Today’s story is brought to us by good friend Chris Wolfe of Denver, Colorado. Chris forwarded several magazine articles I’ve not seen before and it’s from his generosity that we owe our first story of his today. Thank you Chris 🙂
Here’s another car lost to time and what a beauty it is – Gene Koontz’s LaDawri Conquest show car. This magazine article appeared in the August 1962 issue of Custom Rodder so the car may have been finished some time before. Let’s see what they had to say about this car over 50 years ago today.
The Gilded Lily
Custom Rodder: August, 1962
A well rooted yen for sports car stylishness was satisfied when Gene Koontz, Kansas City, Missouri, bought a fiberglass car built by the LaDawri Coachcraft Company, Los Angeles, California. Using this shapely body as the basic shape, Gene made many changes to this gilded “Lily.”
A Henry J frame was used along with revamped suspension, springs and a roll bar which completely encircles the custom. The mesh grille is decorated with chrome bullets. An inverted Chevy truck windshield was installed as were ’50 Pontiac tail lights. Four side exhausts were fabricated to eliminate back pressure.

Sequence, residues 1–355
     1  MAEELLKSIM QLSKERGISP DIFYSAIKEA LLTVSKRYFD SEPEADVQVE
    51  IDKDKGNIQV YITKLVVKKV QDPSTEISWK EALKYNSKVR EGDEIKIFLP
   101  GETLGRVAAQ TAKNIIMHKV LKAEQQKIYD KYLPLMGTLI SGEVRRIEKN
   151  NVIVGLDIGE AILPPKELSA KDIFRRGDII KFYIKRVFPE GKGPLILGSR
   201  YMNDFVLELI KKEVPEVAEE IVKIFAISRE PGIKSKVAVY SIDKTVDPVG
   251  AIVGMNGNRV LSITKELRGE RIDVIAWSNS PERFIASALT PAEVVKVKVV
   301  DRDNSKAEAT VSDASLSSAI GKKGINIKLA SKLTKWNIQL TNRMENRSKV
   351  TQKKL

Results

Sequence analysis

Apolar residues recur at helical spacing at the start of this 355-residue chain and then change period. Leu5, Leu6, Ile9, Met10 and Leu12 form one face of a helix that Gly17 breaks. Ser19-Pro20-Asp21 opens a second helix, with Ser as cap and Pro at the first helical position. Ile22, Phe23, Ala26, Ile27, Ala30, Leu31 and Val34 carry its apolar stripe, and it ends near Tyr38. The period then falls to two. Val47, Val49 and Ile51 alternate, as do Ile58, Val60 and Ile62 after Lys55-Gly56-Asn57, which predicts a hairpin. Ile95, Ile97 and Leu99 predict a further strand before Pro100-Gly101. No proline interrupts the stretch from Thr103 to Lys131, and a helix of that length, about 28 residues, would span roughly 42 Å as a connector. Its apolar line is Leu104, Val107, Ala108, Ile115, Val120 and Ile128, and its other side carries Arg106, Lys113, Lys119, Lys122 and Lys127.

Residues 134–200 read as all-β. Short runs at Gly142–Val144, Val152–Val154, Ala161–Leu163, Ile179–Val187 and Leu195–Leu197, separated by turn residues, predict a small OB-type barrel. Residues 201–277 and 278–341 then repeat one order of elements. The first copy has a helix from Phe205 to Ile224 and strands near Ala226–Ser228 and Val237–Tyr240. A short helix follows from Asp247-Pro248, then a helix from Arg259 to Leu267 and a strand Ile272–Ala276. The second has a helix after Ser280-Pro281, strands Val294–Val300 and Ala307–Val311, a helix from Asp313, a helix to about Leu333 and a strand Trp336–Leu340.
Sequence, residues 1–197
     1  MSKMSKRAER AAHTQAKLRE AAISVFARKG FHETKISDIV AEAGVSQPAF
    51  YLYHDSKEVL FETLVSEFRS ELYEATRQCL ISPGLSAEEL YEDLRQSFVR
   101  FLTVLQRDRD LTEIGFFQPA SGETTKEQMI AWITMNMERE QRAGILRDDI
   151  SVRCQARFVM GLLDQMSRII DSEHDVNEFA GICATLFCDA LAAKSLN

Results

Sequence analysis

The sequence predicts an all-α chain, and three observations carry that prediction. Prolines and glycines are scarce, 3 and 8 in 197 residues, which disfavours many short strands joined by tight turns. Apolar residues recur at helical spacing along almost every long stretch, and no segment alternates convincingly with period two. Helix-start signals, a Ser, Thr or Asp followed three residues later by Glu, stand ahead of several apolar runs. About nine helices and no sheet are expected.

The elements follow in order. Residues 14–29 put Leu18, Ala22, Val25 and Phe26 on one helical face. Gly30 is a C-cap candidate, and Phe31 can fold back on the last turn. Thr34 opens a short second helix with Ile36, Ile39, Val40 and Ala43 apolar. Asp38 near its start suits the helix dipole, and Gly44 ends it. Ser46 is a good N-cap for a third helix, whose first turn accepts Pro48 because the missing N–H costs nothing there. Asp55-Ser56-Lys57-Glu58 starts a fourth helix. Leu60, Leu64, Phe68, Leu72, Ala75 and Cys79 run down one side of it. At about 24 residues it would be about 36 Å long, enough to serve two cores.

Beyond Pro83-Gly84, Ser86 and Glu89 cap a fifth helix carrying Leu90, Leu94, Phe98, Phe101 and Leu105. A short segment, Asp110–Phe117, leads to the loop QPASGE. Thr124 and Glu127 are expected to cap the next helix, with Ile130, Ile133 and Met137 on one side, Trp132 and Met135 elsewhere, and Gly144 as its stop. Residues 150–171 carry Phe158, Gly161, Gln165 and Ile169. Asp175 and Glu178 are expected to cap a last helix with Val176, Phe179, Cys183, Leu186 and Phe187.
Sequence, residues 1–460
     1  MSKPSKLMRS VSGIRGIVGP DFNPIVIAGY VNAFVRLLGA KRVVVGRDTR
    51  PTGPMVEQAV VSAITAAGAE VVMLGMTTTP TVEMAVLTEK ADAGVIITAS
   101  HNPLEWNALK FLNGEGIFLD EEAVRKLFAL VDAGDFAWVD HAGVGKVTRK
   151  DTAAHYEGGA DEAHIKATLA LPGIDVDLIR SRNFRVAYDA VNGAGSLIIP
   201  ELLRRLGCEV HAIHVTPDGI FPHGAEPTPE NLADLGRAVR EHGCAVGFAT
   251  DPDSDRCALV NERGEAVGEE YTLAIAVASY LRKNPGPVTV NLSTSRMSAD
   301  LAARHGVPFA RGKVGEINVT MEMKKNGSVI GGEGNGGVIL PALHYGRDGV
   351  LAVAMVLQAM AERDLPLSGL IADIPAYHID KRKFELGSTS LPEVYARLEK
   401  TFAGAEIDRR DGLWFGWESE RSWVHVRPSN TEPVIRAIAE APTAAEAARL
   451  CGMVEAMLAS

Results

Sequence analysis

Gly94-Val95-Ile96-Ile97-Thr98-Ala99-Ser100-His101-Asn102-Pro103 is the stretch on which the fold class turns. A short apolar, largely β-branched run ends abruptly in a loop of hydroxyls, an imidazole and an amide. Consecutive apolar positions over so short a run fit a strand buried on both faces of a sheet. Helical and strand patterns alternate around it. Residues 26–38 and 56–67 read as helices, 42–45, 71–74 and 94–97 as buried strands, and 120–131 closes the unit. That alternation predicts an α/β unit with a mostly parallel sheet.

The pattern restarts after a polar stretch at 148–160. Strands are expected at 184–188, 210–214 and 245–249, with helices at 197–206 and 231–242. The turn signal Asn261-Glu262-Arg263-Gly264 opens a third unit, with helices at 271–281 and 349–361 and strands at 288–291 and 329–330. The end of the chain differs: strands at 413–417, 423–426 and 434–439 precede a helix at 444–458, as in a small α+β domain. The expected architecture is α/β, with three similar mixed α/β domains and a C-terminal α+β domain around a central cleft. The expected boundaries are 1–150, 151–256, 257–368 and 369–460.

Supplying the horses is a ‘Vette 270 cube mill. Under the Plaster of Paris hood bubble (which is covered with fiberglass) are three carbs. The interior was restyled using white and antique gold Naugahyde covering while the bucket seats were upholstered with fiberglass.
Gauges are Stewart-Warner and steering is Corvette. Twenty coats of pearlescent white covers the exterior, the workmanship of Farhner Custom Shop, Kansas City, Missouri.
Where is this car today? Is Gene Koontz still in Kansas City, Missouri? Rollie Langston and others out there in the Midwest….it’s cold right now in the winter. Any one of you want to do some sleuthing and see what you can uncover on what was a beautiful show car? If it’s stored outside though, you might have to look hard since it’s the color of snow 🙂
But what a great story that would make if one of the Forgotten Fiberglass Aficionados located Gene and his car after so many years. Let us know what you find gang! And thanks again to Chris Wolfe for sharing the first in a series of stories from his collection here at Forgotten Fiberglass.
Hope you enjoyed the story, and until next time…
Glass on gang…